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NORTH KOREA NEWSLETTER NO. 251 (February 28, 2013)
*** TOPIC OF THE WEEK (Part 2)

N. Korea Steps up Efforts to Highlight Nuclear Power Status after Nuclear Test

SEOUL (Yonhap) -- After its recent third nuclear test, North Korea's state media have stepped up efforts to call the country a nuclear-armed state in an apparent bid to gain international recognition as a de facto nuclear power.

   Observers in Seoul said while Pyongyang has long boasted of its nuclear capability, media coverage rose sharply right after the socialist nation detonated its third nuclear device on Feb. 12.

   Major North Korean media outlets such as Rodong Sinmun, an organ of the ruling Workers' Party of (North) Korea (WPK), and the (North) Korean Central News Agency (KCNA), even mentioned the country's nuclear status when reporting on an international marathon and a first full moon festival.

   On Feb. 25, Rodong Sinmun boasted of its possession of nuclear arms while expressing pleasure over its athlete winning a gold medal at an Asian marathon. A day earlier, during the first full moon of the year by the lunar calendar, the Korean Central Television reported that people celebrated the event while taking pride in their country "presenting to the world its nuclear-power status."

   Analysts believe the recent atomic test, coupled with its December launch of a long-range missile, has brought the North much closer to its long-cherished status as a nuclear power.

   By capitalizing on its various propaganda organs, including its online tools, Pyongyang apparently seeks to form and spread a discourse that would help it gain recognition as a de facto nuclear power, they pointed out.

   The North already proclaimed its nuclear power status in its revised Constitution last year, with media coverage mentioning this capability at least once or twice a day after its 2006 and 2009 nuclear tests.

   However, right after the latest test, more than 10 reports mentioning the country's nuclear prowess have been reported on a daily basis. On Feb. 25 alone, 13 stories, including those sent out by Uriminzokkiri, North Korea's main Internet-based media or propaganda Web site, touched on Pyongyang's unconventional weapons capabilities.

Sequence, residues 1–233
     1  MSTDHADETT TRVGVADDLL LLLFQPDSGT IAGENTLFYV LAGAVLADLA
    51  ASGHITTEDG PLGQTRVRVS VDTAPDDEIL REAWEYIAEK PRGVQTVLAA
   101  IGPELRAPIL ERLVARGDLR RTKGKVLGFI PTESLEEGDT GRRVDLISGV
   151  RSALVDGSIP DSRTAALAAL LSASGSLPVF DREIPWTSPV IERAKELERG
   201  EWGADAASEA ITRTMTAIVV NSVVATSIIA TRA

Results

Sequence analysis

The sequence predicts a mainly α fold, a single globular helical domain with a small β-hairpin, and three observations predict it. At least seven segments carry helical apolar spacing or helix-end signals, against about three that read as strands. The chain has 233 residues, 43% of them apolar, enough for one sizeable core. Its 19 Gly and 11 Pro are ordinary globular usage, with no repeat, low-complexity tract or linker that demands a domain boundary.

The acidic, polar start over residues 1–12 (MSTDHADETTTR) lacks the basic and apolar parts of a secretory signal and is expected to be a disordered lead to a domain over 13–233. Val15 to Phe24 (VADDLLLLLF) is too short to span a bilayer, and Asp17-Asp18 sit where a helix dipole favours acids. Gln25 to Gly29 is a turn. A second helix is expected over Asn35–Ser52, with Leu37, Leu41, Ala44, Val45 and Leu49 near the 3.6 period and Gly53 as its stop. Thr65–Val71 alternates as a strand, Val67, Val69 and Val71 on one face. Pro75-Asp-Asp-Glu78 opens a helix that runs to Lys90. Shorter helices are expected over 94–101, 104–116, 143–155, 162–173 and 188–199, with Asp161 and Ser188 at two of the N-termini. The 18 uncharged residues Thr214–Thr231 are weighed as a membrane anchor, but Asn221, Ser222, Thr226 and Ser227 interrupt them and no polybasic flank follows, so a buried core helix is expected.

An editorial by Rodong Sinmun said that achievements made in the fields of long-range rockets and nuclear weapons should be used to build a strong and economically vibrant country. The North launched the Unha-3 rocket on Dec. 12, with outsiders considering it to be an intercontinental ballistic missile.

   In addition, the paper started using South Korean media reports and interviews that alluded to the North as a "nuclear power" to point out that even Seoul acknowledges Pyongyang's possession of weapons of mass destruction (WMD).

   Seoul and most of the world officially do not recognize Pyongyang's WMD claims and have urged it to abide by the Nuclear Non-Proliferation Treaty and rules set by the International Atomic Energy Agency.

   North Korea watchers said that besides trying to win international recognition, Pyongyang may be using its nuclear weapons and rocket capability to strengthen the power base of Kim Jong-un, who was not well-known before the sudden death of his father Kim Jong-il in late 2011. After his father's death, Kim Jong-un became the leader of the belligerent nation.

   Also, North Korea claimed on Feb. 21 that its third nuclear test forced the international community to recognize it as a "strategic rocket and nuclear weapons state."

   The Central Military Commission of the North's ruling Workers' Party and the National Defense Commission made the claim in a message to scientists, technicians and others involved in the Feb. 12 nuclear blast, according to the KCNA.

   "The underground nuclear test ... represented a great political and military victory as it made the international community confidently recognize the status of the DPRK (North Korea) as a strategic rocket and nuclear weapons state," the KCNA said.

   The atomic test also dealt "sledge-hammer blows to the U.S. imperialists, Japanese reactionaries and the South Korean puppet forces who are working with bloodshot eyes to force the DPRK to 'disarm itself' and to 'overturn its social system,'" the message said.

   Observers also said that through the nuclear test, Pyongyang might also intend to send a message to the U.S. that it wants to hold talks over mutual nuclear arms reduction, on the premise that it is a nuclear power, or over peace talks on that premise.

   Internally, Pyongyang might have used the media with an emphasis on its "nuclear deterrence" to further strengthen the fledgling leadership and boost the morale of the ruling elite.

   "The North, having detonated three nuclear devices so far, is now moving to proclaim to the world that it is a full-fledged nuclear power, to win recognition," said Hong Hyun-ik, the director of securities strategy studies at the Sejong Institute in Seongnam, just south of Seoul.

   Some experts raised the possibility that Pyongyang might use its nuclear-power status to readjust its relationship with China. In turn, China might think that this is not fair because of North Korea's heavy economic reliance on its only major patron.

   "Pyongyang could seek to show off its nuclear power to China and reset bilateral ties, thinking that Beijing might have thought that it could handle the North as it pleased due to its hefty economic assistance," said Ahn Chan-il, director of the World North Korea Research Center in Seoul.

   "The impoverished North could think its national pride was trampled upon by China and that the bilateral relationship should change as it claims to have become a nuclear-armed state."